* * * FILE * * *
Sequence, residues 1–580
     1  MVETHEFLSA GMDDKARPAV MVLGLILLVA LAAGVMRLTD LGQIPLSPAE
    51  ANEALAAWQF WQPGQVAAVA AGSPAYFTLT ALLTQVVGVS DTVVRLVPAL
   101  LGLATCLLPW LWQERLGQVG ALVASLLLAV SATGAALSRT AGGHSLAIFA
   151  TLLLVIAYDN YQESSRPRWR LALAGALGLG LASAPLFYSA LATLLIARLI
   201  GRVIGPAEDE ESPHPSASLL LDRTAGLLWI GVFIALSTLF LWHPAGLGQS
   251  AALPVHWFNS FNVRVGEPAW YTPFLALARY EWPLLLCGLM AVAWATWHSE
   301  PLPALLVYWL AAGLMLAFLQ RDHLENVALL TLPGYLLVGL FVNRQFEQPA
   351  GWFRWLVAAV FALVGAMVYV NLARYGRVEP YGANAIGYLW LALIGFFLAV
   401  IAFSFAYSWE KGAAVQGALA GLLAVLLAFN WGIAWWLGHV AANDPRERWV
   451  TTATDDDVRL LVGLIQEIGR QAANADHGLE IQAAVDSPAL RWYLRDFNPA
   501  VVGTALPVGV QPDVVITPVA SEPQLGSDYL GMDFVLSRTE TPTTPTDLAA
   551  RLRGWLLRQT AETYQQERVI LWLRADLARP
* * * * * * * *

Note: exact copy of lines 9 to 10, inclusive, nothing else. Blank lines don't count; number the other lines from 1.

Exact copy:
   351  GWFRWLVAAV FALVGAMVYV NLARYGRVEP YGANAIGYLW LALIGFFLAV
   401  IAFSFAYSWE KGAAVQGALA GLLAVLLAFN WGIAWWLGHV AANDPRERWV